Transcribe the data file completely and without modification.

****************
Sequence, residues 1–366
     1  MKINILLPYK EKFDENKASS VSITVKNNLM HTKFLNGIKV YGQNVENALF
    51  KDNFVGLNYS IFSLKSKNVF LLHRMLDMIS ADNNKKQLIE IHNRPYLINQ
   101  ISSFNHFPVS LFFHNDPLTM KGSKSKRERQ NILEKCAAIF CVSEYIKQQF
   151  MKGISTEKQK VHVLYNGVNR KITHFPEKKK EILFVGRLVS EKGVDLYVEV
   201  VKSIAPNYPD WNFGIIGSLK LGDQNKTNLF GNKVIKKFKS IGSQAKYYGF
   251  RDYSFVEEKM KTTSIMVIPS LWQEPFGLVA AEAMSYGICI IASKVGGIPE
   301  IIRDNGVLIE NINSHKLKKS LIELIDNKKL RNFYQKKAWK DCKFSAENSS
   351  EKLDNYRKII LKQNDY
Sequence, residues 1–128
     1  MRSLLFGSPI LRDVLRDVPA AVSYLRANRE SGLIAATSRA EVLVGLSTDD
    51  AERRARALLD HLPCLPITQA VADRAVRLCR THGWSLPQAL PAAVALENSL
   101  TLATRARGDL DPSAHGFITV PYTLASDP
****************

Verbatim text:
Sequence, residues 1–366
     1  MKINILLPYK EKFDENKASS VSITVKNNLM HTKFLNGIKV YGQNVENALF
    51  KDNFVGLNYS IFSLKSKNVF LLHRMLDMIS ADNNKKQLIE IHNRPYLINQ
   101  ISSFNHFPVS LFFHNDPLTM KGSKSKRERQ NILEKCAAIF CVSEYIKQQF
   151  MKGISTEKQK VHVLYNGVNR KITHFPEKKK EILFVGRLVS EKGVDLYVEV
   201  VKSIAPNYPD WNFGIIGSLK LGDQNKTNLF GNKVIKKFKS IGSQAKYYGF
   251  RDYSFVEEKM KTTSIMVIPS LWQEPFGLVA AEAMSYGICI IASKVGGIPE
   301  IIRDNGVLIE NINSHKLKKS LIELIDNKKL RNFYQKKAWK DCKFSAENSS
   351  EKLDNYRKII LKQNDY
Sequence, residues 1–128
     1  MRSLLFGSPI LRDVLRDVPA AVSYLRANRE SGLIAATSRA EVLVGLSTDD
    51  AERRARALLD HLPCLPITQA VADRAVRLCR THGWSLPQAL PAAVALENSL
   101  TLATRARGDL DPSAHGFITV PYTLASDP